Saturday 10 December 2016

Noonan tells of plans to phase out USC over five years in first public appearance since hospitalisation

* Finance Minister Indicated that he doesn't intend to increase VAT rate on hotel rooms
* Said he doesn't think scrapping VAT on condoms would lower rate of STI transmission

Cormac McQuinn and Shane Phelan

Published 20/09/2016 | 12:15

Michael Noonan before the committee
Michael Noonan before the committee

Finance Minister Michael Noonan has told an Oireachtas Committee he had "no expectation that taxpayers will be throwing their hats in the air on Budget night."

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Mr Noonan is this morning being quizzed by TDs at the Budget Oversight committee.

It's his first public appearance since his brief hospitalisation last week for cellulitis. The effects of the painful skin condition are clearly visible on his face.

Fine Gael TD and committee member Kate O'Connell said she was glad to see him well.

Mr Noonan warned that there was "a lot of things that are desirable that are not affordable" in next month's Budget.

Fine Gael and Fianna Fáil agreed that there will be cuts to USC for low and middle income workers during Budget negotiations.

Mr Noonan told the committee: "It will not be possible to phase out USC completely over a three-budget cycle, but it would be possible to phase it out over a five-budget cycle."

Ms O'Connell asked if Mr Noonan would consider reducing the VAT rate on condoms to 0pc.

Mr Noonan said he didn't think lowering the VAT rate would change behaviour or help in the reduction of sexually transmitted diseases.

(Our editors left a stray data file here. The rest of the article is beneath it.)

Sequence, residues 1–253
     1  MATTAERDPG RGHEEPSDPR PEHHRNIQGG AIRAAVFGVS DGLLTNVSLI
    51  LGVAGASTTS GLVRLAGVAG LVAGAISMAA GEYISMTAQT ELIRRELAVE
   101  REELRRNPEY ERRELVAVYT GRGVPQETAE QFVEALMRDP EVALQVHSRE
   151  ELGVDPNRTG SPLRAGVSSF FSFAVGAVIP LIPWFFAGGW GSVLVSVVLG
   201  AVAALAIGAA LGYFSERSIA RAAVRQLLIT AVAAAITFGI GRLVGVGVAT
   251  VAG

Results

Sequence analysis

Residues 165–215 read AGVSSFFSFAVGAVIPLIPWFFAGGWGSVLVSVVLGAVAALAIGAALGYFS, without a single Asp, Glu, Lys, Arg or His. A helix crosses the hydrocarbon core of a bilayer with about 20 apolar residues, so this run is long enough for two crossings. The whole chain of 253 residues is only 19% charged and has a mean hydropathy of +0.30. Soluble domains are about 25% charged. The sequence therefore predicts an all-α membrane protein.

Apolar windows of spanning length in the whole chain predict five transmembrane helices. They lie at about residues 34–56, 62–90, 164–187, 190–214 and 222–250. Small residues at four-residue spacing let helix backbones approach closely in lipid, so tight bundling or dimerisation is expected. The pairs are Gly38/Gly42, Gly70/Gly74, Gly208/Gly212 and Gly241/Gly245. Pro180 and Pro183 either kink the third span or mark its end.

Mr Noonan was asked about his plans for the 9pc VAT rate that applies to the hospitality sector. It was reduced from 13.5pc during the economic crisis to help boost the industry.

He noted that hotel prices have been rising, particularly when special events are taking place.

However, he indicated that he does not planto return the VAT rate to 13.5pc saying: "you get vengeance, but it doesn't reduce costs".

Sinn Féin's Pearse Doherty spoke about the government's plans to introduce a Help-to-Buy scheme for first-time homebuyers. He raised concerns that this will increase house prices.

Mr Noonan responded: "It's an open secret that we're working on proposals to help couple buy homes" but added that the details will be released on Budget Day.

Mr Doherty said there's 250,000 people that plan to buy a home in the next three years and again asked the impact of a  Help-to-Buy scheme on prices.

Mr Noonan replied: "You're pre-empting the Budget debate. I'm not prepared to debate the Budget here."

Green party leader Eamon Ryan said he thought the point of the committee is to debate the Budget.

Meanwhile, Mr Noonan ruled out an inheritance tax bonanza.

There has been speculation a new threshold of inheritance tax that would apply only to family homes could be as high as €500,000.

Mr Noonan said it was the Government's intention to eventually raise the threshold to €500,000, but it would not be done "all in one leap".

He said it was more likely to be "done gradually" over the course of a few budgets.

"It is not going to happen in one Budget, but I would like to do something on it," he said.

Mr Noonan announced that the budget would take place on October 11.

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